The Tulane Hullabaloo

Arcade presents NOLAfied: R&R Music Group

R%26R+Music+Group
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Arcade presents NOLAfied: R&R Music Group

R&R Music Group

R&R Music Group

R&R Music Group

R&R Music Group

Sam Ergina, Online Arcade Editor

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R&R Music Group allows cats to spread their wings, a phrase that makes much more sense to those familiar with the life and lingo of jazz. 

The group formed three years ago in New Orleans. It started as a simple jam session before evolving into a performance group that eventually hit Frenchmen Street. Rob Ramson, the leader and one of the founders of the band, has a specific mission: to use the band’s platform to introduce interested students and musicians new to New Orleans into the city’s legendary jazz circles.

“We designed [R&R] specifically to help cats on their feet,” Ramson said.

New Orleans attracts many aspiring musicians to its scene with its incredibly rich musical heritage. From far away places like Turkey and Colombia, artists take a pilgrimage to jazz’s birthplace. Ramson noticed that the deeply ingrained tradition that attracts so many, however, can sometimes fuel elitist sentiments as well. Some see New Orleans as a place where only established artists or homegrown talent deserve the opportunity to perform in its sacred venues.

Giving students the accessibility to play and integrate themselves within the community of jazz musicians here was the inspiration behind R&R. It provides the gigs aspiring musicians crave, though it’s a demanding job and reveals the challenges that come with regularly performing in New Orleans. 

“[Ramson] asked me if I wanted to gig and gave me a week to learn 30 songs,” bassist Stuart Coles said. “It really helped me get into the scene, though. By the end of the summer I was playing seven gigs a week.” Coles is from Arkansas and pursuing a master’s degree in education.

The group rotates between members, so there are many people who encompass R&R. At the performance in The Tulane Hullabaloo office, there was Rob Ramson and Bruce Menesses on saxophone, Stuart Coles on bass, junior Dehan Elcin on trumpet, Leo Hernandez on keyboard and Pat Keleher on percussion. Besides Ramson, all of the band members are students from around the U.S. and abroad who have gathered for opportunities to immerse themselves in New Orleans jazz and fun.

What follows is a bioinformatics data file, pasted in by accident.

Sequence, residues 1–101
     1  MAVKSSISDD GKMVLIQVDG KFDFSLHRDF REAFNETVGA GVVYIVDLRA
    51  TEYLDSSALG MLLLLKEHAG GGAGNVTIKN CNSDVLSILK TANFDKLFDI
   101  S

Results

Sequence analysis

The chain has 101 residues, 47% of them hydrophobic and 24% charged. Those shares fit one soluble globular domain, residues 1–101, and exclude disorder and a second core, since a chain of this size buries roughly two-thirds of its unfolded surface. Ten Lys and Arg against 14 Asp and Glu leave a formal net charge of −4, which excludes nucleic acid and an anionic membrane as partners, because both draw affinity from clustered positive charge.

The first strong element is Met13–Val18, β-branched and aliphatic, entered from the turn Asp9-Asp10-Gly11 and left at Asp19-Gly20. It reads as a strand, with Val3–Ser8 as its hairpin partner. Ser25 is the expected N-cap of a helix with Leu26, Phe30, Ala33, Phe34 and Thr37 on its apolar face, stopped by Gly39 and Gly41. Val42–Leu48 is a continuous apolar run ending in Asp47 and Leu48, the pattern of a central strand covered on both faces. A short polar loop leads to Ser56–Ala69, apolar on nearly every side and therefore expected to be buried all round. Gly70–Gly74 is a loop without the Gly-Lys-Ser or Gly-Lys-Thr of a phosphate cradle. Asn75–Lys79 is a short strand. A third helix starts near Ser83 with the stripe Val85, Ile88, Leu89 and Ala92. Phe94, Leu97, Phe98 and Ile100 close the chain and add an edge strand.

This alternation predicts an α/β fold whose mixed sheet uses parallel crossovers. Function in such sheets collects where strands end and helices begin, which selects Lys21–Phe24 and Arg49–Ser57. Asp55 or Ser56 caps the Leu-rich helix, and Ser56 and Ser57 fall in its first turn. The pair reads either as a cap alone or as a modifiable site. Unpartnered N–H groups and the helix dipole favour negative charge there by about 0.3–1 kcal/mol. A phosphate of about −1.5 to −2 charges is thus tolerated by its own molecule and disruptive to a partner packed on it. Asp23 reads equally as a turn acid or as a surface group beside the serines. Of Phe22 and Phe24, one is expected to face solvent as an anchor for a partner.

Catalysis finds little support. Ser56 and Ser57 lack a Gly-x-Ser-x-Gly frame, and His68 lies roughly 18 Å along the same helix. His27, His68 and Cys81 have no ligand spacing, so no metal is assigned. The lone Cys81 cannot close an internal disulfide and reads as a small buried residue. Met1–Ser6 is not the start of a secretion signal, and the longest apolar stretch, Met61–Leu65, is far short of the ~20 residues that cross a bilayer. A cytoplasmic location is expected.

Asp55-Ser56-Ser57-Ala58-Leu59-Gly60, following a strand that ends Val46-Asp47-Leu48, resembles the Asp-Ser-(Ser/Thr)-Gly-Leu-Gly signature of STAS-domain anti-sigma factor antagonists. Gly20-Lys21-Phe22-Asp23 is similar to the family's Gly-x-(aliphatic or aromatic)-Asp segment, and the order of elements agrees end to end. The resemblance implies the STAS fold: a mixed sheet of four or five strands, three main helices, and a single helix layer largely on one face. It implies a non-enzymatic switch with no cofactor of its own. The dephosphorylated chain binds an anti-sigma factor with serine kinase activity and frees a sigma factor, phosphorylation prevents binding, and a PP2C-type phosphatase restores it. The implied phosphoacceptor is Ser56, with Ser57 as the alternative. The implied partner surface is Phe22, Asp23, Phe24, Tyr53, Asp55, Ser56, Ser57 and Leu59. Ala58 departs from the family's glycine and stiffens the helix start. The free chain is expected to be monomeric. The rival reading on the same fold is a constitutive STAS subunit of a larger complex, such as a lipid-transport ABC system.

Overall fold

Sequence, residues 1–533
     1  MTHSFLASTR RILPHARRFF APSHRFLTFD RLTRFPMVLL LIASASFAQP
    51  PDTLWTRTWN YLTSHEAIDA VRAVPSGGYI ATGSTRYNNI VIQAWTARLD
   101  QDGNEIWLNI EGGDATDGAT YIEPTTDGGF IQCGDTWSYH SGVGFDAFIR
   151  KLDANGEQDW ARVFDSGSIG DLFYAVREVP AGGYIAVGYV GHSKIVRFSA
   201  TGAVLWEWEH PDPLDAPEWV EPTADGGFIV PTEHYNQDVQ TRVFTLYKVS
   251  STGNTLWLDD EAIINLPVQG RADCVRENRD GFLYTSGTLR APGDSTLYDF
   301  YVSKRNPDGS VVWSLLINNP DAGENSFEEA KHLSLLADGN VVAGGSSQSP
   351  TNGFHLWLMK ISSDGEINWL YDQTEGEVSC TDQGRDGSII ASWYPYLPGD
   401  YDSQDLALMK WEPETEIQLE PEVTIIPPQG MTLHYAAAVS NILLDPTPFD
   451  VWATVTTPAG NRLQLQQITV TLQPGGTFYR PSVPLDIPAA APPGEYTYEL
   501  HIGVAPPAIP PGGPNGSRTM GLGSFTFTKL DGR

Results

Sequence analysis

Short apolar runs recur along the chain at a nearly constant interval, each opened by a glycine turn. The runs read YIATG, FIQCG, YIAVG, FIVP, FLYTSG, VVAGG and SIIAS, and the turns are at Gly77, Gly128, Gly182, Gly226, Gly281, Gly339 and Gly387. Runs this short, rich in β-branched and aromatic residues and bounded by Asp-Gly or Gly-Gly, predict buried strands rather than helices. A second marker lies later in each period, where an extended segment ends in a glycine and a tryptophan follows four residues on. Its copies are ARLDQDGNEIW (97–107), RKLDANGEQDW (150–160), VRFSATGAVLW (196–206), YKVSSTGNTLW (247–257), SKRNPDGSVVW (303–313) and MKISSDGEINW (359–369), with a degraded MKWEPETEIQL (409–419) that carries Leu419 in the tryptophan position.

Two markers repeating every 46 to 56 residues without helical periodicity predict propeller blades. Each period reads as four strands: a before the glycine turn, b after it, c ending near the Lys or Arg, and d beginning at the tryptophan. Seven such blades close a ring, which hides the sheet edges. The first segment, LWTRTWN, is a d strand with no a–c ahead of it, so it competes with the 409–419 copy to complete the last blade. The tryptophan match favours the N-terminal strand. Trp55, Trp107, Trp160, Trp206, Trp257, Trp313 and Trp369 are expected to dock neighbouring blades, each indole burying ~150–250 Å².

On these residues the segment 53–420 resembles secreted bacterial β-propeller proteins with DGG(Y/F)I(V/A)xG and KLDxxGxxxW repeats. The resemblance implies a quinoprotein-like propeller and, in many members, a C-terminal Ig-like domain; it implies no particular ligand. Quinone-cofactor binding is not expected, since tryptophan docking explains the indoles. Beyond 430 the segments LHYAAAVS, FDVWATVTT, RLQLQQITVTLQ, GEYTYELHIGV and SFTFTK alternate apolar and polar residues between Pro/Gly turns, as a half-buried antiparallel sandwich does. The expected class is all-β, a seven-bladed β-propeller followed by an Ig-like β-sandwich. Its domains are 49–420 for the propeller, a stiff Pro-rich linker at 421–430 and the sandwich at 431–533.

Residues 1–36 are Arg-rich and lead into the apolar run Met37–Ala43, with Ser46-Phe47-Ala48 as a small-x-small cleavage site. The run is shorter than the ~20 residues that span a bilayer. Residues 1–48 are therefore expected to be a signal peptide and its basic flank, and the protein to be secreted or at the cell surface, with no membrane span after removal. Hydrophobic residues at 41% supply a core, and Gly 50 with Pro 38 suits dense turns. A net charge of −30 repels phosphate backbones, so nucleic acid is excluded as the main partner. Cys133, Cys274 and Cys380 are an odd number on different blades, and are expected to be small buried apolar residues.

The fun they were having was evident, as there are not many people who exhibit the vivacity of jazz musicians like this group. The charming and easy-going demeanor of R&R Music Group quickly spread through The Hullabaloo’s office as they performed a few songs before sitting down with The Arcade section to attempt a serious interview. The serious part was quickly abandoned. Ramson had a contagious smile that escaped any chance it got. He constantly cracked up with his fellow musicians over jokes they all made. For a band with fairly common interchanges between old and new members, the guys seemed like a tight group, connected by their dedication to music.

The people in the group possess an incredible love for music and performance. This was obvious considering their constant urge to improvise a new rhythm or a new string of notes during their in-office performances. They constantly and playfully challenged each other. Rob Ramson and his “cats” aim to push themselves to explore the unlimited world of music just a little bit more every time they play.  

Check out R&R Music Group’s cover of “Can’t Feel My Face” by The Weeknd below.

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Student newspaper serving Tulane University, Uptown New Orleans
Arcade presents NOLAfied: R&R Music Group